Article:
1959. Te next year, managers at NASA’s Ames Research Center established
a SETI branch, and scientists and engineers at the Jet Propulsion Laboratory
(JPL) also started SETI work. Ames had experience in biomedical research,
while JPL had experience tracking deep space missions and easy access to the
Deep Space Network antenna for radio astronomy at Goldstone.
Te program’s troubles in Congress trace back to 1978. Tat year, while
SETI at NASA was still receiving a relatively low level of federal funding,
9

Senator William Proxmire bestowed one of his infamous “Golden Fleece”
awards on the program, deriding it as a waste of taxpayer money. In 1981,
viewing the SETI program as a foolish enterprise that was unlikely to yield
results, Proxmire sponsored an amendment that killed its funding for the
next year.
At this point, Proxmire was approached by the famous astronomer
Carl Sagan, who had previously dealt with him on “nuclear winter” issues.
7. Bernard M. Oliver and John Billingham, Project Cyclops: A Design Study of a System for
Detecting Extraterrestrial Intelligent Life (Washington, DC: NASA CR-114445, 1971).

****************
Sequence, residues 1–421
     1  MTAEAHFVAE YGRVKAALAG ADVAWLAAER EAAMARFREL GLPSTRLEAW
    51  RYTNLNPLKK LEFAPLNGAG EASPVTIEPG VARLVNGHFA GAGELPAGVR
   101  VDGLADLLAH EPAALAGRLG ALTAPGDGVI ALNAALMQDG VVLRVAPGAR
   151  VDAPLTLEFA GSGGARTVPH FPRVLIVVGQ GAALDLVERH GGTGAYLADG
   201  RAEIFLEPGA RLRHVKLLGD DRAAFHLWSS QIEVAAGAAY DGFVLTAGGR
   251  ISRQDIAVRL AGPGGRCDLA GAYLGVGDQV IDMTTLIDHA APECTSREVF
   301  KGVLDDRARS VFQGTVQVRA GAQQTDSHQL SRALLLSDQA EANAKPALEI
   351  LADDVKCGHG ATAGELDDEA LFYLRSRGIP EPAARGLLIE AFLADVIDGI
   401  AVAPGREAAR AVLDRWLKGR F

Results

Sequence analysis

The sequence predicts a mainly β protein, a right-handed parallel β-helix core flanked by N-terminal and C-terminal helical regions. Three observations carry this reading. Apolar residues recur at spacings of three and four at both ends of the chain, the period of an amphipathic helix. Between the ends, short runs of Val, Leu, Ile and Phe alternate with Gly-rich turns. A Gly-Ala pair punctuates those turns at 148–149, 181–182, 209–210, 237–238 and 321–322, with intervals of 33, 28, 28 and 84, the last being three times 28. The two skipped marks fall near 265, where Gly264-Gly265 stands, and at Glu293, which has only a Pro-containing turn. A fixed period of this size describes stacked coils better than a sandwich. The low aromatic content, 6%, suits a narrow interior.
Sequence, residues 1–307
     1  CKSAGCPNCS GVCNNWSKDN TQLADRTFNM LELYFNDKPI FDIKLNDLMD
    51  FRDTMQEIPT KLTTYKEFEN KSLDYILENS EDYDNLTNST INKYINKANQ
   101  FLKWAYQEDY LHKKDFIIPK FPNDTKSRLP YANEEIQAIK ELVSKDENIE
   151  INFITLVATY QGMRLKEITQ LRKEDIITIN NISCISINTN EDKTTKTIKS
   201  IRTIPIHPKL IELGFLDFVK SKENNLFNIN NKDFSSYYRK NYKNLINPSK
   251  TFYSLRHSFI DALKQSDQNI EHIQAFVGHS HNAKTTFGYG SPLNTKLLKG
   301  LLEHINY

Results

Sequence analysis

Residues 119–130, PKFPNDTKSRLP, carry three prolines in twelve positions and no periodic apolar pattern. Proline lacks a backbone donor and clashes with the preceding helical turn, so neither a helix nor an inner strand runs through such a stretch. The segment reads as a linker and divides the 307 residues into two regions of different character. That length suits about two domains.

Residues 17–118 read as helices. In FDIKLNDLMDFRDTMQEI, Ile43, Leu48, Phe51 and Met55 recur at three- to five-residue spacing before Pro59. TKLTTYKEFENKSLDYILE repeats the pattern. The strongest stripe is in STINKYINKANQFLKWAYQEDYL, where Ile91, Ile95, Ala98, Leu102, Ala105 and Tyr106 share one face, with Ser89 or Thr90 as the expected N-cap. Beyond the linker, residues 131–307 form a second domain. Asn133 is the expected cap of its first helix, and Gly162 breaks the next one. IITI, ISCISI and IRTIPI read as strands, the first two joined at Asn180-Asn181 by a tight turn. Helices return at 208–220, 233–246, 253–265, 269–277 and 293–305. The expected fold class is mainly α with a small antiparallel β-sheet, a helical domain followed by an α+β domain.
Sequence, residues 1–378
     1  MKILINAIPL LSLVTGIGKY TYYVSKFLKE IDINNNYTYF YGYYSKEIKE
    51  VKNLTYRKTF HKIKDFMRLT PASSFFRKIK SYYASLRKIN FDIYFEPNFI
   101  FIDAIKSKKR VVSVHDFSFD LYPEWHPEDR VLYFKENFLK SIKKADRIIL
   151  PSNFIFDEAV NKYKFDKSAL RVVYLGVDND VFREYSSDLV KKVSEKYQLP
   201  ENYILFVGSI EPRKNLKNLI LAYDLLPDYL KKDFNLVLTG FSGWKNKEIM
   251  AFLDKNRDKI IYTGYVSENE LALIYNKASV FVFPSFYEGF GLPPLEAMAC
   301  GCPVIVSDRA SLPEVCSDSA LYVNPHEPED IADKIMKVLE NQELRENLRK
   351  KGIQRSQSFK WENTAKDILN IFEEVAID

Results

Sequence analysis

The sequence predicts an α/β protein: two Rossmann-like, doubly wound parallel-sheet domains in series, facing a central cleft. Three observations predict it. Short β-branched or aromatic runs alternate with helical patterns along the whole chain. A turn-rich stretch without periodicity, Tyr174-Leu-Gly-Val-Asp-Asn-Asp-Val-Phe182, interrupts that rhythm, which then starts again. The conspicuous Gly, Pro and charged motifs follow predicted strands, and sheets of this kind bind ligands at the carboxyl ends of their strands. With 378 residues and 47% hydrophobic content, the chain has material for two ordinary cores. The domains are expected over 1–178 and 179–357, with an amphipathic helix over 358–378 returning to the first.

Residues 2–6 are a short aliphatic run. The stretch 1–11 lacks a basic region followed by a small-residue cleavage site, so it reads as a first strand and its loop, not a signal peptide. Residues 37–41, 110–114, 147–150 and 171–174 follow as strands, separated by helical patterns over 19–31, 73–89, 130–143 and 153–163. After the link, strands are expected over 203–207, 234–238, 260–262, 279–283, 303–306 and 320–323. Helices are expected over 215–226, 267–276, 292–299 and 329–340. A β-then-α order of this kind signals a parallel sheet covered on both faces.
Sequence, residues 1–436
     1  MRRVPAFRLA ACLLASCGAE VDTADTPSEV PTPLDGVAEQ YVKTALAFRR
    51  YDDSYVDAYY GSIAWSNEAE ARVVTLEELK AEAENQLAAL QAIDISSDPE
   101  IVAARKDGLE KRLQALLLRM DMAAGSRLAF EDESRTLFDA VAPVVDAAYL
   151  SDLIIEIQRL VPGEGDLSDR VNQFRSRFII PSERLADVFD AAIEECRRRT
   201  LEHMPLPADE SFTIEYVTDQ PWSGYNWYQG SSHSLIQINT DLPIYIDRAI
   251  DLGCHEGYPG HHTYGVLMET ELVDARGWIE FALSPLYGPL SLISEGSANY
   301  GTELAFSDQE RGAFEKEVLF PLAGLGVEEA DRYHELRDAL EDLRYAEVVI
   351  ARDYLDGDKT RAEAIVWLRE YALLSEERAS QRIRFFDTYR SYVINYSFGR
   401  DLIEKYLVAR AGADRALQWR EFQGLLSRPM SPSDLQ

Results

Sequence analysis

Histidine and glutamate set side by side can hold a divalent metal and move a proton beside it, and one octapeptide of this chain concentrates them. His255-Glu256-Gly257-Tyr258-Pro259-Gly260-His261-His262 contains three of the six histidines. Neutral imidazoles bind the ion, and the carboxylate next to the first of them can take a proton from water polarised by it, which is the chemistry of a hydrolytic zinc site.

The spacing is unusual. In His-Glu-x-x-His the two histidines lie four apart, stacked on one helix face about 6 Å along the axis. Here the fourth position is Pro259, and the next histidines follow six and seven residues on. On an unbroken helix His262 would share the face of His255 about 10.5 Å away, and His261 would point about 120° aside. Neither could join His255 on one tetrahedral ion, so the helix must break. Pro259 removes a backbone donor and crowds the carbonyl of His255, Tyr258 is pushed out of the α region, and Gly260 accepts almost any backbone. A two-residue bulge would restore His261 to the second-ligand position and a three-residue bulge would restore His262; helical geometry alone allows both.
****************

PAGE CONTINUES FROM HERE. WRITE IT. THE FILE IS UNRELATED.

8.

Drake and Sobel, Is Anyone Out There?, p. 139.
9. For an overview of SETI’s funding history, see the appendix to this chapter on p. 48. This
budget data was supplied by Mr. Jens Feeley, Policy Analyst, NASA Office of Space Science,
NASA Headquarters, Washington, DC.
26
A Political History of NASA’s SETI Program
Sagan was able to convince him of the program’s scientifc merits. Proxmire
agreed not to oppose SETI, and Congress reinstated funding for fscal year
1983 (FY83).
While NASA’s SETI program was developing during the 1980s, several
privately funded SETI projects were also under way. Te Planetary Society,
which Sagan had helped to found, provided support for two JPL researchers
to conduct SETI observations at a NASA tracking station in Australia. Te
society also partially funded Paul Horowitz, a Harvard University astronomer
who used surplus antennae and computers to build a portable system called
“Suitcase SETI,” which he later transformed into Project Sentinel and then
into the Megachannel Extraterrestrial Assay. Various other projects included the
Search for Extraterrestrial Radio Emissions from Nearby Developed Intelligent
Populations (SERENDIP), conducted at the University of California at
Berkeley, and Ohio State University’s “Big Ear” program, which ran from 1973